The Michael Jackson faithful starting gathering before dawn Friday at the Santa Maria courthouse, many carrying signs and wearing buttons or ribbons declaring the performer's innocence.
Jackson's expected arraignment on a grand jury indictment marks a turning point in the 5-month-old child molestation case against the singer, moving him closer to a trial.
For fans, the appearance in this small California town was an occasion to demonstrate their loyalty.
Shawn Williams, 43, drove up from Los Angeles and arrived at 3 a.m. local time. He brought a CD player with him and music from Michael Jackson’s "Dangerous" album could be heard as the sun began to rise.
Of the charges, Williams said, “I think they are all false. It’s about money and greed. That’s what I think.”
About 60 supporters pressed their noses against the cyclone fencing in front of the courthouse.
The signs included, “Michael: Being here is the least we can do,” and “Innocent! I support Michael Jackson 100%.” Some carried flags from Spain and Great Britain, demonstrating the global appeal of the performer.
Ahead of the arraignment, the scene was fairly peaceful. However, the fan buses coming from Los Angeles had yet to arrive and it was uncertain just how many fans will be onboard when they do arrive.
But not matter how many arrive, the Santa Maria police say they are ready.
"He is an internationally recognized entertainer, and he is very good at what he does," Santa Maria Police Chief Dan Macagni told NBC News this week. "But this is a criminal procedure, and there are rules and regulations that he and his followers need to follow."
At Jackson's last court appearance in January, the pop superstar clambered atop an SUV and put on a show for his fans, who poured into the street in front of the courthouse like concertgoers rushing the stage, surrounding the vehicle and cheering the singer on.
Macagni said the situation was dangerous for everyone, including his officers.
This time, Macagni said, Jackson's fans will be kept at bay, held across the street from the singer by metal barricades.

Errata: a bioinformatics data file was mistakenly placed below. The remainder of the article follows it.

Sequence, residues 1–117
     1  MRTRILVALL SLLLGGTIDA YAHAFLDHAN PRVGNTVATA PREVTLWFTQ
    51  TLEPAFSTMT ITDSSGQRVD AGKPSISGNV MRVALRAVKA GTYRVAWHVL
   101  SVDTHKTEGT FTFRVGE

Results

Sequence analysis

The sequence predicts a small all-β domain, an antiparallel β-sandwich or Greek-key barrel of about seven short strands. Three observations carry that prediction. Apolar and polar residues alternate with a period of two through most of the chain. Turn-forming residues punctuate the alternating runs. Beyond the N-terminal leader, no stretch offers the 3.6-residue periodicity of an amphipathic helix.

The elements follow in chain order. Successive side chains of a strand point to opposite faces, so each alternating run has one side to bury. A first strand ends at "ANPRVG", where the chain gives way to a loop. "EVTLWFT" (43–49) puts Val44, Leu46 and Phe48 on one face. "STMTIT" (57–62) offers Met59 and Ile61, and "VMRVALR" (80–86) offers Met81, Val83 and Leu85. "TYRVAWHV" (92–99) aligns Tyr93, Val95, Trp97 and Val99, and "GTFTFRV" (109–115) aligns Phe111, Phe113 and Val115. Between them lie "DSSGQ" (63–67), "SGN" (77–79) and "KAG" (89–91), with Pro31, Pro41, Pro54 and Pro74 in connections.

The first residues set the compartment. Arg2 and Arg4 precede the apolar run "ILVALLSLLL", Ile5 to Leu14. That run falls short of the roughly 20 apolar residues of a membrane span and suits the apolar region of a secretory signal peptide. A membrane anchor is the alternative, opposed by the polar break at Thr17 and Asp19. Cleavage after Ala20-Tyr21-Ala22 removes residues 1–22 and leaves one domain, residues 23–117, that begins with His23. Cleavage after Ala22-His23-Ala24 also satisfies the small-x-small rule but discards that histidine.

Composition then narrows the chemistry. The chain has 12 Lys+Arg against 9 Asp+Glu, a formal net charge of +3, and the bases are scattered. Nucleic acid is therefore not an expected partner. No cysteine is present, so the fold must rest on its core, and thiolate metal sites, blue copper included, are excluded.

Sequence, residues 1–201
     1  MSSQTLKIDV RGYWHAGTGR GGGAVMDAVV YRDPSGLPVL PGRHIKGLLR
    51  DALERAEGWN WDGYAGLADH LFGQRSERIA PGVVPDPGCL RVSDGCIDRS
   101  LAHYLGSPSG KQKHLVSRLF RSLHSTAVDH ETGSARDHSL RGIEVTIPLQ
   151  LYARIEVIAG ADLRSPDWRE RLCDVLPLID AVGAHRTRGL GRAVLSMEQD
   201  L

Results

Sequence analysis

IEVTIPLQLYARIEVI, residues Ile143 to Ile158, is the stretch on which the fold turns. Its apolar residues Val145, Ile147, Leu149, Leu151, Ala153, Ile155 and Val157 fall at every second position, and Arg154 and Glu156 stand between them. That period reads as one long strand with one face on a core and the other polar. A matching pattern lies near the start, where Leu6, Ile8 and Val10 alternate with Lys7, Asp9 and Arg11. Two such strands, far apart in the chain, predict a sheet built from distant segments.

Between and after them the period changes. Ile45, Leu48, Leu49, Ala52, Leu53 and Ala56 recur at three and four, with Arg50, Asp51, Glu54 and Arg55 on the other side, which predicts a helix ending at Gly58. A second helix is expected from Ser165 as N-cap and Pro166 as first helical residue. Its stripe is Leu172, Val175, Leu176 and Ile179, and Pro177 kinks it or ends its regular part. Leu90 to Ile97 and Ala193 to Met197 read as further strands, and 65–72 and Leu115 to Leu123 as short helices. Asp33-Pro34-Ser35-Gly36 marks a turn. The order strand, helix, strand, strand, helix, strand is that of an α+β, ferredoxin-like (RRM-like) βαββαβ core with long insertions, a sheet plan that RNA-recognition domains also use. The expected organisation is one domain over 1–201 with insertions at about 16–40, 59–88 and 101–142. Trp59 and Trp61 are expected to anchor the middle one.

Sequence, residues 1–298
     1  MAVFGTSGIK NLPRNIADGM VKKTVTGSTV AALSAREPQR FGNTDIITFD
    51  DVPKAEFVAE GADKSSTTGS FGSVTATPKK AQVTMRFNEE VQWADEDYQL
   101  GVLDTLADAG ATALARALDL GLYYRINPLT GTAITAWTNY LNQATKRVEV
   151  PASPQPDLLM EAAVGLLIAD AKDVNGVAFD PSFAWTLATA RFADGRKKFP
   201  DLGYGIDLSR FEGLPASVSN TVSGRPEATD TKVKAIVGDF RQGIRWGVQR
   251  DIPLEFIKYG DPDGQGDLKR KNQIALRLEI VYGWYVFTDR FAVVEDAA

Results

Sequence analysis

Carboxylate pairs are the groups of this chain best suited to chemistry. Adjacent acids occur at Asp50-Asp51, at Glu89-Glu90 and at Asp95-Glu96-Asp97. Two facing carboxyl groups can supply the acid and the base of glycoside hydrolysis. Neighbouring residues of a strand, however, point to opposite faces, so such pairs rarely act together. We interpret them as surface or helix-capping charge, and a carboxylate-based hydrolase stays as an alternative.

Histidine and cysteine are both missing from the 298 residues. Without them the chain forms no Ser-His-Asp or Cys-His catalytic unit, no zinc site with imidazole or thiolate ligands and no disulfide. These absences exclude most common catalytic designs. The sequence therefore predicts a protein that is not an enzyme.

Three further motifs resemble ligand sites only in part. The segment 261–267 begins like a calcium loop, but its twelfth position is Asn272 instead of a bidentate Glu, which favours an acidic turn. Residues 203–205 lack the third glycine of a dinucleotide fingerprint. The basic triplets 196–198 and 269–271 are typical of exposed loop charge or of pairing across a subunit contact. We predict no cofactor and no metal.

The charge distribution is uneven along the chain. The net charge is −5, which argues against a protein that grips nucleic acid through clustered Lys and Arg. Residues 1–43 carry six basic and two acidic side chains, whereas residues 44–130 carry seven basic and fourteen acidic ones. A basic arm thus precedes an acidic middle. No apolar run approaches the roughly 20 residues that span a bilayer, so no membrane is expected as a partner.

"It's going to be very clear to the supporters and the people there not to be in the roadway," Macagni said. "I don't think they are going to come over the top because if they do, then they are going to be subject to arrest."
Arraignment with new legal team
Friday's arraignment follows Jackson's indictment last week by a Santa Barbara County grand jury, which met for 13 days and heard from more than a dozen witnesses, including the singer's young accuser.
Details of the charges brought by the grand jury are sealed and will not be announced publicly until Friday's arraignment. Jackson is expected to plead not guilty.
The proceedings at the Santa Maria courthouse will be notable for the debut of Jackson's new lawyer, Thomas Mesereau Jr., who joined the defense last weekend when the entertainer parted ways with his lead attorneys, Benjamin Brafman and Mark Geragos. Jackson is also represented by Steve Cochran and Robert Sanger.
Along with Jackson, his attorneys and members of the media, Macagni said he expects about 2,500 people to show up for the arraignment, about the same number as came to see Jackson at his last hearing.
Fans will be bused to town
As some fans had already started gathering before dawn, others were expected to arrive by bus shortly. Buses for supporters were scheduled to depart at 4 a.m. from Los Angeles and return Friday evening. Passengers were charged $20 per seat.
Jackson himself was expected to spend the night before his arraignment at his Neverland Ranch in Los Olivos, about an hour's drive from Santa Maria.
The singer misses being home, according to his adviser Brian Oxman, an attorney who has represented members of his family and was involved in Jackson's recent decision to replace his two lead attorneys. He said Jackson has changed his mind since saying previously that he would never again consider Neverland home after deputies searched it.
Jackson was holding up well, Oxman said, adding, "He is innocent."
The singer’s attorneys have described the molestation allegations against him as a "big lie" motivated by greed.
If Friday's hearing is anything like the last one Jackson attended, it will be expensive.
According to Santa Barbara County, the total security and administration bill for his three-hour appearance in January: $157,000.